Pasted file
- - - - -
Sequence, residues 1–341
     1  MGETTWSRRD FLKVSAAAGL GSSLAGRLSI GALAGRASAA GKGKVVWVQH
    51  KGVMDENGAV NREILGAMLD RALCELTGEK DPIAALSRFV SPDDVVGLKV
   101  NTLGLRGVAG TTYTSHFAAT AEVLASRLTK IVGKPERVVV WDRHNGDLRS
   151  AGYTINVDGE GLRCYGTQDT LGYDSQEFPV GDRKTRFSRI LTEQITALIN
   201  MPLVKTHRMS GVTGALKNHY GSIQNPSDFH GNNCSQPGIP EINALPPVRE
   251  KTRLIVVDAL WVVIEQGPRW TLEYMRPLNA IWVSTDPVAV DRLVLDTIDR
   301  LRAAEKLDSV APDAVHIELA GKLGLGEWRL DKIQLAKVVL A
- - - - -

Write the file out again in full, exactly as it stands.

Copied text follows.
Sequence, residues 1–341
     1  MGETTWSRRD FLKVSAAAGL GSSLAGRLSI GALAGRASAA GKGKVVWVQH
    51  KGVMDENGAV NREILGAMLD RALCELTGEK DPIAALSRFV SPDDVVGLKV
   101  NTLGLRGVAG TTYTSHFAAT AEVLASRLTK IVGKPERVVV WDRHNGDLRS
   151  AGYTINVDGE GLRCYGTQDT LGYDSQEFPV GDRKTRFSRI LTEQITALIN
   201  MPLVKTHRMS GVTGALKNHY GSIQNPSDFH GNNCSQPGIP EINALPPVRE
   251  KTRLIVVDAL WVVIEQGPRW TLEYMRPLNA IWVSTDPVAV DRLVLDTIDR
   301  LRAAEKLDSV APDAVHIELA GKLGLGEWRL DKIQLAKVVL A